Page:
Suzie-Ann
Suzie-Ann
Press contact

10 things a parent of a child affected by a rare disease wishes everyone knew

Mother and small daughter taking a walk
Omaira Gill is a journalist living and working in Athens (Greece), where she is raising her family. Her older son was diagnosed with Duchenne muscular dystrophy in 2012. This is what she told us about the rare disease parenting reality.
  1. We worry we will bore our friends with our concerns over our child’s disease, and when you say “Do you want to talk about it?” “How are you feeling? Are you coping?” it really helps us feel like we are free to speak without burdening you in turn. 
  2. Try your best to include us. The little treat set aside for my child that is appropriate for their diet needs, or the activity centre you chose for your child’s birthday party that has something my child can also take part in makes a world of difference to us. 
  3. We don’t often know how to ask for help, so asking “What can I do?” is extremely helpful. Running an errand, brining over some food, helping with chores or even taking our kids for a while are all extremely appreciated gestures. I once had a friend who came over unannounced and fed me cupcakes while I cried and talked - I’ll never forget what a difference it made to me that she did that without me asking!
  4. On the journey through rare diseases, unfortunately we lose people along the way who decide to stop associating with us, because they can’t cope, don’t know what to say or for their own reasons. So we need those standing by us more than we normally would - you are our family now.
  5. If you don’t know what to say, we prefer that you just say that, rather than saying nothing at all and avoiding the topic all together. As a rare disease parent, I appreciate you simply being a presence that acknowledges the challenges of what lies ahead - you can do that by turning up, offering a hug and not saying a word! There are so many ways to stay in touch these days, even a quick smiley-face emoji is much better than not communicating at all.
  6. We are not looking for pity, but we are looking for understanding. Sometimes the lack of sleep, mental load from care, organizing medicine and worrying takes up so much energy that we might be grumpy, in a bad mood, not performing our best at work or generally not good company.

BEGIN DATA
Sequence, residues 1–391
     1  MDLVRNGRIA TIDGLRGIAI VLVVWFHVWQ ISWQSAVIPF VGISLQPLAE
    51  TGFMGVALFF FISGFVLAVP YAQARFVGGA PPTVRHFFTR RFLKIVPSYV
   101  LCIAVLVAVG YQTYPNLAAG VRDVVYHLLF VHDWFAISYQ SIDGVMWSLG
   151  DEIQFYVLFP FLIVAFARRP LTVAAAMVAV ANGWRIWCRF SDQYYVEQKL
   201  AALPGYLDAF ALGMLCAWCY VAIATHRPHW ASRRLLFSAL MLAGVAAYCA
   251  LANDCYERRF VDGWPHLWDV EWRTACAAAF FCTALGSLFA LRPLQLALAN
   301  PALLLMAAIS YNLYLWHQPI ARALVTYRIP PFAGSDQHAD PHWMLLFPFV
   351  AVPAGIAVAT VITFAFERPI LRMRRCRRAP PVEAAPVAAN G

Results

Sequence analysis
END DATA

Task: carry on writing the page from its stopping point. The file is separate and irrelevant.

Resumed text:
7. It is neither true nor helpful to be told “I could never do what you do, you are so brave.” Rare disease parents find themselves in an extremely difficult position, caring for children that will not get any better. We didn’t think we could do it either, but we do. And we don’t always feel brave - we get scared, fearful, hopeless and despairing from time to time and then we continue onwards because this is the only choice we have
  8. Don’t make comparisons. It is great that you knew a colleague who had a cousin whose child had some sort of chronic illness that they miraculously recovered from, but it is not an appropriate comparison and only reminds us of the long road ahead of us in the quest for treatment. 
  9. You don’t have to hide your own joys or sorrows from us by thinking what we are going through is so much worse. We would be happy to hear about your own child’s achievement or to repay your kindness by offering our own shoulder to lean on in your times of trouble.
  10. Don’t question the family choices of parents to rare disease kids. Some will decide that their child is enough for them. Others will want to continue to grow their family. Don’t say “But can you risk this happening again?” “Can you cope with the burden of another child?” “Don’t you think you should focus on the child(ren) you already have?”How will you explain this to the child’s new sibling, is that responsible?” Rare disease families have dreams and plans just like everyone else. Support us in our hopes of realizing them, whether that is to have more children or not, to climb Machu Picchu or take a selfie with Madonna!
Omaira
Omaira Gill is a journalist and a mother of a boy with Duchenne

 

Related diseases
Duchenne muscular dystrophy
Topics
Psychosocial support